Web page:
Be Nice! Says a New Joint Commission Alert



On July 9, 2008, the Joint Commission, a well-respected professional body tasked with accrediting US health care facilities, issued a new Sentinel Event Alert.  Unlike its usual fare of infection prevention guidelines and medication administration regulations, this alert ventured into new territory: caregivers' behavior.  According to a news report posted on the Joint Commission website, "Rude language and hostile behavior among health care professionals goes beyond being unpleasant and poses a serious threat to patient safety and the overall quality of care." 

In other words, the Joint Commission is telling us that it's time to shape up and behave ourselves.

While some health care workers may argue that the report places unnecessary attention on what should be an automatic expectation of civility in health care environments, others likely feel it is high time for the Joint Commission to address this touchy subject.  Surely, all of us can cite examples of situations in which patients, support staff, or family members were treated with demeaning, intimidating, or inappropriate behavior by hospital, clinic, or laboratory workers.  Further, most of us probably said nothing in response to these situations.  We seethed quietly, or shrugged our shoulders in acquiescent resignation.

But now the Joint Commission has come up with a strategy to deal with such cases.  Should a health care worker speak or act in a disrespectful manner on the job, written policies will map out, step-by-step, the consequences.  Well-defined codes of conduct that delineate acceptable versus unacceptable behavior will be drafted by each institution.  Subsequently, health care facilities will be required to create "a formal process for managing unacceptable behavior."  Standards must be in place by January 1, 2009 in all home health agencies, laboratories, ambulatory care facilities, and behavioral health care facilities seeking accreditation by the Joint Commission.

The Joint Commission stresses that the overwhelming majority of American health care providers are compassionate and professional.  However, it also believes that clear consequences must be in place when care givers are behave otherwise.  Patient health and safety is at stake, the Joint Commission president, Mark R. Chassin, states.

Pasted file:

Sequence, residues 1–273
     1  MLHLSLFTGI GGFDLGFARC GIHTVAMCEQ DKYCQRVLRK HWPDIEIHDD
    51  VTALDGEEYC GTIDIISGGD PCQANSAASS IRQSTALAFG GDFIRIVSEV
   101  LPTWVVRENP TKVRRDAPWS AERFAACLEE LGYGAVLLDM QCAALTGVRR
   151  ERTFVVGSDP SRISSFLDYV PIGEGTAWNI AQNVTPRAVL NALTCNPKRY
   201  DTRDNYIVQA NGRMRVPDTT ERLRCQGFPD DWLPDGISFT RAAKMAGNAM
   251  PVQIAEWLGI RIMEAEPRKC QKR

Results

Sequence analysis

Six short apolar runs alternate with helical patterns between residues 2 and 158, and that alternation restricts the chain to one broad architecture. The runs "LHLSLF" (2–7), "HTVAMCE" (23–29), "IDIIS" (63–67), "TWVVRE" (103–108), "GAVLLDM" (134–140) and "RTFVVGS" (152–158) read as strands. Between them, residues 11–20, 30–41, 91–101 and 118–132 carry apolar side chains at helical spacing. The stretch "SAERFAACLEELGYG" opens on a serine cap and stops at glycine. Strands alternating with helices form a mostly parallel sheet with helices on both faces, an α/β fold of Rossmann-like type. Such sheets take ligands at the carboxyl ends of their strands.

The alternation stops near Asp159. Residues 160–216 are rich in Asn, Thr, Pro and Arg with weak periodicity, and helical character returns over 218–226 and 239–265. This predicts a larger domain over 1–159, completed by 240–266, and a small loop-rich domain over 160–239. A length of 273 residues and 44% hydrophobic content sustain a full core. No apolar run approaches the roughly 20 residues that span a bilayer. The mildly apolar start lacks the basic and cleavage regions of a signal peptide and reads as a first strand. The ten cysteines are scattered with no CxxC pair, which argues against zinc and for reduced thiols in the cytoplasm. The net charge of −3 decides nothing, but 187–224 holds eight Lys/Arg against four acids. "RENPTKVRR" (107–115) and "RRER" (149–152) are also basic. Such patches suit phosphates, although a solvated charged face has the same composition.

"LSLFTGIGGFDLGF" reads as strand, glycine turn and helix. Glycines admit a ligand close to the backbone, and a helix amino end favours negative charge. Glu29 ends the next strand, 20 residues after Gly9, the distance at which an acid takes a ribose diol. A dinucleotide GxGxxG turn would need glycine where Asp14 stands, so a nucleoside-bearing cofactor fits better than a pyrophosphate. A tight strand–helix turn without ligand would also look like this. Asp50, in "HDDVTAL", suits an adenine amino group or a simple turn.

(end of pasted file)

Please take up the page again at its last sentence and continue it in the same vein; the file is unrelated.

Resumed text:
How will hospitals and clinics institute the sort of cultural shift required by zero-tolerance-for-poor-behavior codes of conduct?  The Joint Commission makes several recommendations.  Those who deal with the general public should be trained in "being courteous during telephone interactions".  Those in leadership positions should be educated about the importance of modeling professional behavior.  Systems for reporting infractions and instituting disciplinary actions should be made clear to all employees.  And, finally, the Commission recommends "reducing fears of retribution against those who report intimidating and disruptive behaviors [or] empathizing with and apologizing to patients and families who are involved in or witness intimidating or disruptive behaviors."

Can the Joint Commission actually enforce compassion and sensitivity?  Only time will tell.  But I think most of us can agree that it is a step in the right direction. 



Joint Commission Alert: Stop Bad Behavior among Health Care Professionals. (2008, July 9).  The Joint Commission News Releases.



Copyright 2008- American Society of Registered Nurses (ASRN.ORG)-All Rights Reserved


Articles in this issue:


  • Masthead

    Editor-in Chief:
    Kirsten Nicole

    Editorial Staff:
    Kirsten Nicole
    Stan Kenyon
    Robyn Bowman
    Kimberly McNabb
    Lisa Gordon
    Stephanie Robinson

    Kirsten Nicole
    Stan Kenyon
    Liz Di Bernardo
    Cris Lobato
    Elisa Howard
    Susan Cramer

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